When performance data is tabulated for sows housed in stalls vs. sows housed in pens at Dykhuis Farms, Inc. there is little difference in the overall reproductive numbers for the two groups. But a couple of key performance differences still stand out. In their on-farm comparison, farrowing rate somewhat favored sows in stalls (82.6%) vs. sows in pens (77.0%). Total pigs born/litter averaged 12.2 for
When performance data is tabulated for sows housed in stalls vs. sows housed in pens at Dykhuis Farms, Inc. — there is little difference in the overall reproductive numbers for the two groups. But a couple of key performance differences still stand out.
In their on-farm comparison, farrowing rate somewhat favored sows in stalls (82.6%) vs. sows in pens (77.0%). Total pigs born/litter averaged 12.2 for sows housed in gestation stalls and 12.4 for sows in pen gestation, and pigs/sow/year came in nearly identical at 22.8 and 22.9 for sows in stalls vs. pens, respectively.
Sow death loss, however, was significantly higher for pen gestation at 14.4% vs. 9.1% for sows in stalls, reports Erin Ehinger, reproductive specialist for the farrow-to-finish operation and eldest daughter of owner Bob Dykhuis. All reproductive data reported was for 2008.
Ehinger admits their pen gestation systems are in the midst of a “trial and error” period. They had tried housing 15 sows/pen and didn't like it. Then, after Dykhuis toured some large-pen gestation systems, they retrofitted two finisher barns with large group pens. They are still learning how to maximize production in pens.
“Dad decided he didn't want to invest in all stalls since it looked like our industry was heading toward pen gestation similar to what Europe has,” she explains.
The Holland, MI-based operation has five sow farms, each filled with 2,800 to 3,000 PIC sows, and operated as an individual parity segregation system. That means after each sow farm in the rotation is filled with replacement gilts raised in area finishers, it is closed to any further additions (See: “Unique Parity Segregation Plan Bolsters Health, Survival,” pages 30-32, Feb. 15, 2009, National Hog Farmer or go to nationalhogfarmer.com).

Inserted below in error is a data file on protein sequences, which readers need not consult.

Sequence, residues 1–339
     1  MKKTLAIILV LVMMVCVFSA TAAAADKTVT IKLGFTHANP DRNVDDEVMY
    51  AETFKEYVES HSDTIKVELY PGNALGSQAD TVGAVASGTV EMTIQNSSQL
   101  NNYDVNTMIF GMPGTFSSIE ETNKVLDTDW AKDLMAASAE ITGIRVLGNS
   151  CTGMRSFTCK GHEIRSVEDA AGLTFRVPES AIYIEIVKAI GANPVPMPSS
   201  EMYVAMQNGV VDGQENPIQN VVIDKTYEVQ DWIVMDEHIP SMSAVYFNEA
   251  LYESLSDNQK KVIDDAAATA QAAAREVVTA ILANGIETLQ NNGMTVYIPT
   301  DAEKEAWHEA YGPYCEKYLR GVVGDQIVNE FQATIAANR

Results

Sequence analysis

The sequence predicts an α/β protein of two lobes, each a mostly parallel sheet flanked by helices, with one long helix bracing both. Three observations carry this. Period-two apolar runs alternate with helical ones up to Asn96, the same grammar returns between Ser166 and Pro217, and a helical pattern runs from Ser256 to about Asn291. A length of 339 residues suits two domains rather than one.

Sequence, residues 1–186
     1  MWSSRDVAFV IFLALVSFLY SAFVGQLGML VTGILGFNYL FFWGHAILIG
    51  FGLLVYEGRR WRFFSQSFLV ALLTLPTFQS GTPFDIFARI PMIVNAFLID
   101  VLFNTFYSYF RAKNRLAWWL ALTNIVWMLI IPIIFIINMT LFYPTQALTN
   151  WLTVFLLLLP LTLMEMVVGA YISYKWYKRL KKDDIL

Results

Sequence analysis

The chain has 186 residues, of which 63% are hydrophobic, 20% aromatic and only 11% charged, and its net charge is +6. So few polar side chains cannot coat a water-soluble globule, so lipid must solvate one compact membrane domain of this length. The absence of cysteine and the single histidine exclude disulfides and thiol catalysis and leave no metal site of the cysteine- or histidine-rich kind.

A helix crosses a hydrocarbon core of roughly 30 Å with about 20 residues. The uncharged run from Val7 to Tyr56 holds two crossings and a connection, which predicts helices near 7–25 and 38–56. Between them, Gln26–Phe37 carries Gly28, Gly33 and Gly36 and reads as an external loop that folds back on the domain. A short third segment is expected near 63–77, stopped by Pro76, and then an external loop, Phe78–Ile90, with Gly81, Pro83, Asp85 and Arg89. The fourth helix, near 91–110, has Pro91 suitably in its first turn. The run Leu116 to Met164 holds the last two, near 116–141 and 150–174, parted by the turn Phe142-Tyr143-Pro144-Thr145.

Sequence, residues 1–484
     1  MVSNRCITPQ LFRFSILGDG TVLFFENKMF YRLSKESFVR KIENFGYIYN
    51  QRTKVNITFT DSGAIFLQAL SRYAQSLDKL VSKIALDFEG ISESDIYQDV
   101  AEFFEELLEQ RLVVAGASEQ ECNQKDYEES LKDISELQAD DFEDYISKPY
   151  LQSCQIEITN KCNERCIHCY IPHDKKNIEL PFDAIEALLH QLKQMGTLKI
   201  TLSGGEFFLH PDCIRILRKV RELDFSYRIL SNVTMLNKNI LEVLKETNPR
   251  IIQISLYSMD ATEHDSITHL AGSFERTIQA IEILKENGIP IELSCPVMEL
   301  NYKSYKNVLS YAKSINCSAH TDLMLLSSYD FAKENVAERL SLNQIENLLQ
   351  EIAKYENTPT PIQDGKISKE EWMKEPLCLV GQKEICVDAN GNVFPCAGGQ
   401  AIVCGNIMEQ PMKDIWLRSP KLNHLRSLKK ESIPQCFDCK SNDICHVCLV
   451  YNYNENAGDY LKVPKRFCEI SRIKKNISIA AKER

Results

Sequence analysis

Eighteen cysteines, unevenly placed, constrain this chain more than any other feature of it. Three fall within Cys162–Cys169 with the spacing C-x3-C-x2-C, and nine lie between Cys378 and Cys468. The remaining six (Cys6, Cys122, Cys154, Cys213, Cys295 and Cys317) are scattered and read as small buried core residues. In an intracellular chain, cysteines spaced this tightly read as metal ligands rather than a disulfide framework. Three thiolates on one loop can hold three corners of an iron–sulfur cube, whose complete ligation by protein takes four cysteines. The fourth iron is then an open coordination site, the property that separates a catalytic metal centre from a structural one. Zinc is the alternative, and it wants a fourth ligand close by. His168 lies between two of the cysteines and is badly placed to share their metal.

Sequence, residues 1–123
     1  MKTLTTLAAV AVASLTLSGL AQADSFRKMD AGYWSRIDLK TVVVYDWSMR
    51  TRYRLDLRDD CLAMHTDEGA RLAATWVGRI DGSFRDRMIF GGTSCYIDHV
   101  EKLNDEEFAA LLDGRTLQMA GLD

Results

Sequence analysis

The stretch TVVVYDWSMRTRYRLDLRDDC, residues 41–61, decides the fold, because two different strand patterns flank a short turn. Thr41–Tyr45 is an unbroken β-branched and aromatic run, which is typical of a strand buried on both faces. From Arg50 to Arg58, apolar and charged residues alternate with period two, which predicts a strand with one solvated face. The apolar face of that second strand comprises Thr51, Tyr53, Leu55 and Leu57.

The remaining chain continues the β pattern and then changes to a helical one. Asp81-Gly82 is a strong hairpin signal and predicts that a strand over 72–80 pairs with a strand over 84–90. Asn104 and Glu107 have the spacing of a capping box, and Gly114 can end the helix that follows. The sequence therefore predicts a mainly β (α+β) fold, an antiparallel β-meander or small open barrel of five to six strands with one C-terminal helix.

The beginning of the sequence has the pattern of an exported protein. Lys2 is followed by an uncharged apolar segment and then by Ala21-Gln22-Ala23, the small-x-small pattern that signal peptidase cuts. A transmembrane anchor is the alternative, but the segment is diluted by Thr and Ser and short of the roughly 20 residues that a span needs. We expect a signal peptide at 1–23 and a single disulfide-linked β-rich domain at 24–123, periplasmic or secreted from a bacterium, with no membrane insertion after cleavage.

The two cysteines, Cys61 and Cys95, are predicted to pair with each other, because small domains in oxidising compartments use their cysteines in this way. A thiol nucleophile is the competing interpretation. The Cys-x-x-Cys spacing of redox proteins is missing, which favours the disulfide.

Three of the sow farms are equipped with all stalls in gestation, while two others are divided up into ⅓ stalls and ⅔ pens. Most of the pens at Sandy Ridge have 50 sows/pen, and most of the pens at Village Central hold either 50 or 65 sows/pen in square or pie-shaped pens.
Pen Stocking Challenges
The single-parity makeup of the sow farms with pen gestation provides the advantage that most of the sows are fairly close in age and size.
But Ehinger is quick to point out that there are still boss sows within a single age group. At first, they tried to further stabilize pen hierarchy by removing the boss sows, but that plan failed.
“With the larger group size, there is more of an opportunity to blend in and get away. But if you remove the boss sows, there are always 1-2 others waiting to take their place,” she explains.
So they decided to take the opposite tact, removing the lower sows in the pen hierarchy — those that are injured, thin or sick — along with the sows that recycled.
Sows that are removed from pen gestation are transferred to the “parking lot” — two rows of stalls that will remain their home until they are rebred, moved to farrowing or culled if they don't return to top condition, Ehinger says.